Meteorologist Jonathan Cubit has an update on the conditions expected to hit Wyoming, Chautauqua, Allegany, Cattaraugus and southern Erie counties at 10 p.m. Wednesday.
The blizzard warning will be in effect until 4 p.m. Friday.
Advice from the Red Cross and Ready.gov:
- Listen to local area radio, NOAA radio or TV stations for the latest information and updates.
- Be prepared to evacuate if you lose power or heat and know your routes and destinations. Find a local emergency shelter.
- Check emergency kit and replenish any items missing or in short supply, especially medications and medical supplies. Keep it nearby.
- Be sure you have ample heating fuel.
- If you have alternative heating sources, such as fireplaces, wood- or coal-burning stoves, or space heaters, be sure they are clean and in working order.
- Bring your companion animals inside and ensure that your horses and livestock have blankets if appropriate and unimpeded access to shelter, food, and non-frozen water.
Driving in Winter Conditions
- Check your vehicle emergency supplies kit and replenish it if necessary.
- Bring enough of the following for each person:
– Blankets or sleeping bags
– Rain gear, extra sets of dry clothing, mittens, socks, and wool hats
– Newspapers for insulation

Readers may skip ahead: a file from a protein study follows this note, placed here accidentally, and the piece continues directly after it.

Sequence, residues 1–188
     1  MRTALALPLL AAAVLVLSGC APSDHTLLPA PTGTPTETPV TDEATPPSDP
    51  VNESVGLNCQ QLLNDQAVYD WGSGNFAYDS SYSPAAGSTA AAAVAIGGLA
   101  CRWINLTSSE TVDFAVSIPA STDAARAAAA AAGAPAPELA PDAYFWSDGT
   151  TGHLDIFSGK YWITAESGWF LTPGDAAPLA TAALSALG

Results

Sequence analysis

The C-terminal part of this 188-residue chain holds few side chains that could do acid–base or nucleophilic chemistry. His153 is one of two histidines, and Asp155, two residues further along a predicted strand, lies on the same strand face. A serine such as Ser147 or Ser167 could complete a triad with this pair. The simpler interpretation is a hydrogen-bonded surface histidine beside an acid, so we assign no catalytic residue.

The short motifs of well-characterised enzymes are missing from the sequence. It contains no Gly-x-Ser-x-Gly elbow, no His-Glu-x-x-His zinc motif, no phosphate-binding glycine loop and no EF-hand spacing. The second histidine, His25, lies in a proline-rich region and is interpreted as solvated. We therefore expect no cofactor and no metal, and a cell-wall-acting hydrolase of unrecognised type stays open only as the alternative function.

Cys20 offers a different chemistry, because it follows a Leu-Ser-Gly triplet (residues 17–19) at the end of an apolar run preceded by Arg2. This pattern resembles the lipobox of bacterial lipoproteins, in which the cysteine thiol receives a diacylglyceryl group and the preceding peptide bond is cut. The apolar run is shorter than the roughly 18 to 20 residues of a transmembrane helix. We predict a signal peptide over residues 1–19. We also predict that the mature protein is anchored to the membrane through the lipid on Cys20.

– Plastic bags for sanitation
– Canned fruit, nuts, and high energy snacks (Include a non-electric can opener if necessary)
– Warm broth in a thermos and several bottles of water
– Keep a cell phone or two-way radio with you. Make sure the battery is charged.
– Plan to travel during daylight and, if possible, take at least one other person with you.
- Let someone know your destination, your route, and when you expect to arrive. If your vehicle gets stuck along the way, help can be sent along your predetermined route.
- Before leaving, listen to weather reports for your area and the areas you will be passing through, or call the state highway patrol for the latest road conditions.
- Be on the lookout for sleet, freezing rain, freezing drizzle, and dense fog, which can make driving very hazardous
If You Become Stranded
- Stay in the vehicle and wait for help. Do not leave the vehicle to search for assistance unless help is visible within 100 yards (91 meters). You can quickly become disoriented and confused in blowing snow.
- Display a trouble sign to indicate you need help. Hang a brightly colored cloth (preferably red) on the radio antenna and raise the hood after snow stops falling.
- Run the engine occasionally to keep warm. Turn on the engine for about 10 minutes each hour (or five minutes every half hour). Running the engine for only short periods reduces the risk of carbon monoxide poisoning and conserves fuel. Use the heater while the engine is running. Keep the exhaust pipe clear of snow, and slightly open a downwind window for ventilation.
- Leave the overhead light on when the engine is running so that you can be seen.
- Do light exercises to keep up circulation. Clap your hands and move your arms and legs occasionally. Try not to stay in one position for too long.
- If more than one person is in the vehicle, take turns sleeping. If you are not awakened periodically to increase body temperature and circulation, you can freeze to death.
- Huddle together for warmth. Use newspapers, maps, and even the removable floor mats for added insulation. Layering items will help trap more body heat.
- Watch for signs of frostbite and hypothermia. Severe cold can cause numbness, making you unaware of possible danger.